Wax ester biosynthesis in a calanoid copepod, Calanus finmarchicus and a fresh-water teleost, Trichogaster trichopterus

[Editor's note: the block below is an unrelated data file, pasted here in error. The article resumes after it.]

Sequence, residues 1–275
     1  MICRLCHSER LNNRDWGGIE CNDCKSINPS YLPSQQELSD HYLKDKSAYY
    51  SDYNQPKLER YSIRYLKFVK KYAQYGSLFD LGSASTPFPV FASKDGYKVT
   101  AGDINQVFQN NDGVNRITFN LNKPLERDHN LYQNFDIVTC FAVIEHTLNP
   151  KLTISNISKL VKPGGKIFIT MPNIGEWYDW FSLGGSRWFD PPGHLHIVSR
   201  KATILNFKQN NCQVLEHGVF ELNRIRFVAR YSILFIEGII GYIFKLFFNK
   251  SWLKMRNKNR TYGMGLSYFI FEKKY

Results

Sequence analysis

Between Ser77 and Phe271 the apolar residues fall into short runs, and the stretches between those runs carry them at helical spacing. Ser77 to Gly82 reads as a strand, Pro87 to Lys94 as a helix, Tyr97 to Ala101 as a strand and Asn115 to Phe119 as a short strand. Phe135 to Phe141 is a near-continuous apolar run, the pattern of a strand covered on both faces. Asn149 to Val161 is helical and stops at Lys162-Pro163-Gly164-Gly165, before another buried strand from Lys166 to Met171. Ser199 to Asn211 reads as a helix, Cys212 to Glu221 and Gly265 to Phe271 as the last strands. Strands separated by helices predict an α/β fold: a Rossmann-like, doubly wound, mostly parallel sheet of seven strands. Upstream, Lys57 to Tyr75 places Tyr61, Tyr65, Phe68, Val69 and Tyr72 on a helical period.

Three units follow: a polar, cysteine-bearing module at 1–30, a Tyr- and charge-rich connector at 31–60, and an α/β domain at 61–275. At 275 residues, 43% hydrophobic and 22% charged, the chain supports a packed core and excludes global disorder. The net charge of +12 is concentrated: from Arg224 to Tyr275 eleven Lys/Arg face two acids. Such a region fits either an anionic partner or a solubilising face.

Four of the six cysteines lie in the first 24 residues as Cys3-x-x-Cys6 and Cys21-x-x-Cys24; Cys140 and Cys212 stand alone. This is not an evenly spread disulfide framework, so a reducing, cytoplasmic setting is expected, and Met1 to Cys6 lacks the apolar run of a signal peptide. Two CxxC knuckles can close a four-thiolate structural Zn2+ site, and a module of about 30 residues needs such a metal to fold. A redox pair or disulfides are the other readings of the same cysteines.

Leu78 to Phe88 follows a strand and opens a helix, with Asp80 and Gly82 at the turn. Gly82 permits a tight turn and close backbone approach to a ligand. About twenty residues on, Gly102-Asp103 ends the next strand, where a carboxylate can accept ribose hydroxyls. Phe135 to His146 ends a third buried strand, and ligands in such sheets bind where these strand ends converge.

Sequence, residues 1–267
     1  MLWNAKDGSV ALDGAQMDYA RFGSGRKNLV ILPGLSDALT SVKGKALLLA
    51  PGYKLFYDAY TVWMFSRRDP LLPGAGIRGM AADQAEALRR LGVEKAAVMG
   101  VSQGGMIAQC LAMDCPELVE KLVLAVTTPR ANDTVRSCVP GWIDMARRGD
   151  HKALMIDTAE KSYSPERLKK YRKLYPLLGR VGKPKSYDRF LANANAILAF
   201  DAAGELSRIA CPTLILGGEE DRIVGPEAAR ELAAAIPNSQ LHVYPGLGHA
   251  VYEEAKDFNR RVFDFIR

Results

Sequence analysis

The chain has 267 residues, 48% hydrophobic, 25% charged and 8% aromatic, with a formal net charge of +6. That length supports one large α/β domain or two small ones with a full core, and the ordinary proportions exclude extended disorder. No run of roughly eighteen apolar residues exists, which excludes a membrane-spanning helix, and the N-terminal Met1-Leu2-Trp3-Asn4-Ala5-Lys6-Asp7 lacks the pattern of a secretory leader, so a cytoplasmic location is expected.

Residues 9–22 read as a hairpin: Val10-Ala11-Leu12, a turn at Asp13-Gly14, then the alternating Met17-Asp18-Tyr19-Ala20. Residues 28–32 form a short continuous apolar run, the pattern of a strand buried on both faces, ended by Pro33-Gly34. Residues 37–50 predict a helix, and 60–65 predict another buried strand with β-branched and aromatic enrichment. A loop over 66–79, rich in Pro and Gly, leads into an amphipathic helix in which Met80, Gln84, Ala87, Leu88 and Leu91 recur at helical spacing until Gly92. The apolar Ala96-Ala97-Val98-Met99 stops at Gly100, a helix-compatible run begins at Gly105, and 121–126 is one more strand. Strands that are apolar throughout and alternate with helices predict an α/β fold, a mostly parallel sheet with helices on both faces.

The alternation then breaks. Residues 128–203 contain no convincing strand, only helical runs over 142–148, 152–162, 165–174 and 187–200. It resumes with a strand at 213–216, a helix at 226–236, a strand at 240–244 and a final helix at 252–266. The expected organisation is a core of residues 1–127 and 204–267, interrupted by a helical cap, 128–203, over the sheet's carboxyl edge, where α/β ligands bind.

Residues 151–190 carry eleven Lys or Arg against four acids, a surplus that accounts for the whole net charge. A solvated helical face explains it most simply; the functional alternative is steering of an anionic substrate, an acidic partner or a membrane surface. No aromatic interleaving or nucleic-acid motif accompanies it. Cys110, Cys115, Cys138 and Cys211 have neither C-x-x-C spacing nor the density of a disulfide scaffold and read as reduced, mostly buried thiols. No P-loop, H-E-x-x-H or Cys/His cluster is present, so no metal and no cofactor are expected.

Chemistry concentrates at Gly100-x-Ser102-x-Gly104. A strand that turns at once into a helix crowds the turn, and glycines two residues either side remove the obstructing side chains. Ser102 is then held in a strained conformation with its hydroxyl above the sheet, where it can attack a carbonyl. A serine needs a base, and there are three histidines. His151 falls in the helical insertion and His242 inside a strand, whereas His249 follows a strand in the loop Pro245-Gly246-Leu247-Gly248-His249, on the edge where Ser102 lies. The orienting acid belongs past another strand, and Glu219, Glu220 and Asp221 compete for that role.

The de novo formation of long-chain fatty acids and the reduction of long-chain fatty acids to the corresponding fatty alcohol were studied in the calanoid copepod Calanus finmarchicus (Calanus) and the fresh-water fish, Trichogaster trichopterus (the gourami). De novo biosynthesis of fatty acids by the enzyme fatty acid synthase (FAS) was localised in the 6.3 x 106g-min supernatant ('cytosolic' fraction) of homogenates of whole Calanus and was characteristic of a Type 1 multienzyme complex. The formation of fatty acids required the presence of acetyl-CoA, malonyl-CoA and was specific for NADPH as the reductant. The main products of the reaction were the saturated long-chain fatty acids stearic acid and palmitic acid, accounting for 54% and 25% of the total fatty acid product, respectively. The alcohol-forming enzyme, NADPH-fatty acyl-CoA oxidoreductase, from both Calanus the gourami roe was membrane-associated. Differential ultracentrifugation showed that a 6.3 x 106g-min pellet (the 'particulate' fraction) was most active in the formation of long-chain fatty acohols. The specific activity of the enzyme in the gourami roe particulate fraction was over 100-fold higher than that in the Calanus particulate fraction. Both systems required the presence of an acyl-CoA generating system in the form of exogenous CoASH, ATP and Mg++. The reaction was specific for NADPH as the reductant in the case of the gourami roe system. However, NADH substituted for NADPH in the Calanus system. Palmitic acid, in the presence of an acyl-CoA generating system, was the most effective substrate with the 18:0, 18:1 and 22:1 substrates giving progressively lower activities.